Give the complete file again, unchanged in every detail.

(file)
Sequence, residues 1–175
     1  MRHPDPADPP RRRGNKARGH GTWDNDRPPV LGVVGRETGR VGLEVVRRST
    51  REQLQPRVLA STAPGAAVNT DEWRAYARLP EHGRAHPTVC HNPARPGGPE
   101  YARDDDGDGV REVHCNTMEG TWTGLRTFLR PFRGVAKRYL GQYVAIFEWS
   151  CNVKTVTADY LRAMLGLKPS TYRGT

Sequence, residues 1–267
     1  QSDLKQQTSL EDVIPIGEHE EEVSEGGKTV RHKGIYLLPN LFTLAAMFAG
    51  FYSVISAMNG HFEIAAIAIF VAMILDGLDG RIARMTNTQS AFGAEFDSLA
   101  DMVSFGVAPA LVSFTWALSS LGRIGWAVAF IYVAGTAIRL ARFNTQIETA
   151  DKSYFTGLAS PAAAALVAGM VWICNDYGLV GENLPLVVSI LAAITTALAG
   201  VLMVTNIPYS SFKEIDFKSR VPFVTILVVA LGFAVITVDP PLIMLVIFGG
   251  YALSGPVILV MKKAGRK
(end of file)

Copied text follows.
Sequence, residues 1–175
     1  MRHPDPADPP RRRGNKARGH GTWDNDRPPV LGVVGRETGR VGLEVVRRST
    51  REQLQPRVLA STAPGAAVNT DEWRAYARLP EHGRAHPTVC HNPARPGGPE
   101  YARDDDGDGV REVHCNTMEG TWTGLRTFLR PFRGVAKRYL GQYVAIFEWS
   151  CNVKTVTADY LRAMLGLKPS TYRGT

Sequence, residues 1–267
     1  QSDLKQQTSL EDVIPIGEHE EEVSEGGKTV RHKGIYLLPN LFTLAAMFAG
    51  FYSVISAMNG HFEIAAIAIF VAMILDGLDG RIARMTNTQS AFGAEFDSLA
   101  DMVSFGVAPA LVSFTWALSS LGRIGWAVAF IYVAGTAIRL ARFNTQIETA
   151  DKSYFTGLAS PAAAALVAGM VWICNDYGLV GENLPLVVSI LAAITTALAG
   201  VLMVTNIPYS SFKEIDFKSR VPFVTILVVA LGFAVITVDP PLIMLVIFGG
   251  YALSGPVILV MKKAGRK